The Lodgers is an Irish ghost story set in 1920. The story revolves around Rachel and Edward, twins who have just turned 18. The siblings are essentially trapped in their family’s estate, held captive by the sins of their ancestors in a sense. They have to live by a set of rules which forbid them from moving and from having strangers in the house. These rules are put to the test by Rachel as she seems to have grown tired of living this way. Her brother has resigned himself to his fate and is quite upset with the things she is choosing to do.
I don’t feel like The Lodgers has the strongest script. The premise is great but the story doesn’t feel like it has much forward momentum. It’s a slow burn to be sure. What ultimately saves this movie is the direction of Brian O’Malley and the performances of Charlotte Vega and Bill Milner.
For his part, O’Malley creates an atmosphere that seems to come off of the screen and into your living room. The Lodgers isn’t really a scary movie so much as one that just makes the viewer feel uneasy. I would liken it to The Others in that sense. This creepy feeling is created by O’Malley and it seems to pull you into the film even when there doesn’t seem to be a whole lot happening.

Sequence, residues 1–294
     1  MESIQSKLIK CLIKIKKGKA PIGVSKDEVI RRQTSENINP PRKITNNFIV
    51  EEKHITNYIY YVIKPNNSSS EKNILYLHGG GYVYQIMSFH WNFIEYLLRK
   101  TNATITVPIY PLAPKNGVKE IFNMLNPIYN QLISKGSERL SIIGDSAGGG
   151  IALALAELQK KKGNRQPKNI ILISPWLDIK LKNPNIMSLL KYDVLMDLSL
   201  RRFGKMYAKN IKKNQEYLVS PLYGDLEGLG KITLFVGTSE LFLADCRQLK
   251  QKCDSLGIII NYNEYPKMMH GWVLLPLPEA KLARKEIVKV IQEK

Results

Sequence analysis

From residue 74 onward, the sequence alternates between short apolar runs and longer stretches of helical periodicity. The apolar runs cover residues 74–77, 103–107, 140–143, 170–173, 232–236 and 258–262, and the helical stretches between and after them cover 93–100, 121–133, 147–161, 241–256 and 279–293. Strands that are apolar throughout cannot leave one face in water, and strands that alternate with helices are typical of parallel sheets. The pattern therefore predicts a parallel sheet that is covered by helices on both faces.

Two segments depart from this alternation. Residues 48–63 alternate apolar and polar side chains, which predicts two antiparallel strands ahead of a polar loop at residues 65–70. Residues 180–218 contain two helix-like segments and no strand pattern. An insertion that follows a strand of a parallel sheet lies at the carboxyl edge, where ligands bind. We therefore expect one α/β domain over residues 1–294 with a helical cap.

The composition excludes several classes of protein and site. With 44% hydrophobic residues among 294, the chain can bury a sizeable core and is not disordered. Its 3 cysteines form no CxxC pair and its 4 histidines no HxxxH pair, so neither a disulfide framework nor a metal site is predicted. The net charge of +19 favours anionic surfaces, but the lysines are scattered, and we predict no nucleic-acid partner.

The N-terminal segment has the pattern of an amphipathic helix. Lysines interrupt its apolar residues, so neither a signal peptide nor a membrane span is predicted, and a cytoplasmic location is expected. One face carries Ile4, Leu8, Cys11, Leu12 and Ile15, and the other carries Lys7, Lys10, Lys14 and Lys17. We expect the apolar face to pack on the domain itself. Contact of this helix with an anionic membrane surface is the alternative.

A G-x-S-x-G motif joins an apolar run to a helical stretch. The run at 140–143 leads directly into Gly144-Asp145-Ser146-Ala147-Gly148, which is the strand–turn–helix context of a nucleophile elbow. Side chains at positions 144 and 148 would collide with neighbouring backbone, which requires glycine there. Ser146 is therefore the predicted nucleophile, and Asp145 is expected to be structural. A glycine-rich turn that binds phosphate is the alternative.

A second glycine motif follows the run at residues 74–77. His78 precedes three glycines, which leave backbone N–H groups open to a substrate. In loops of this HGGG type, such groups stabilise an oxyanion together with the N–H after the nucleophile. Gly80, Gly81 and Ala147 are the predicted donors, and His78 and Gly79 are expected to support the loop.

Vega and Milner play the twins and they both turn in great work. Milner plays Edward as a frightened boy at times and channels the characters inner rage when needed. The real heavy lifting in the film is done by Vega though. Rachel is a complex character (one area where the screenplay does shine). She is dealing with being trapped in a terrible situation, going broke, falling in love for the first time and coming alive sexually all at once. It’s not an exaggeration to say that the success of the entire film was resting on the shoulders of Charlotte Vega and she played the part perfectly.
I can’t shake the feeling that The Lodgers falls a little short of being as good as it could have been but it is certainly worth the $7 to see. This is only the second feature that Brian O’Malley has directed but it’s obvious that he has a bright future in gothic horror movies if he wants to continue making them. No matter what he makes next, I’ll certainly be watching.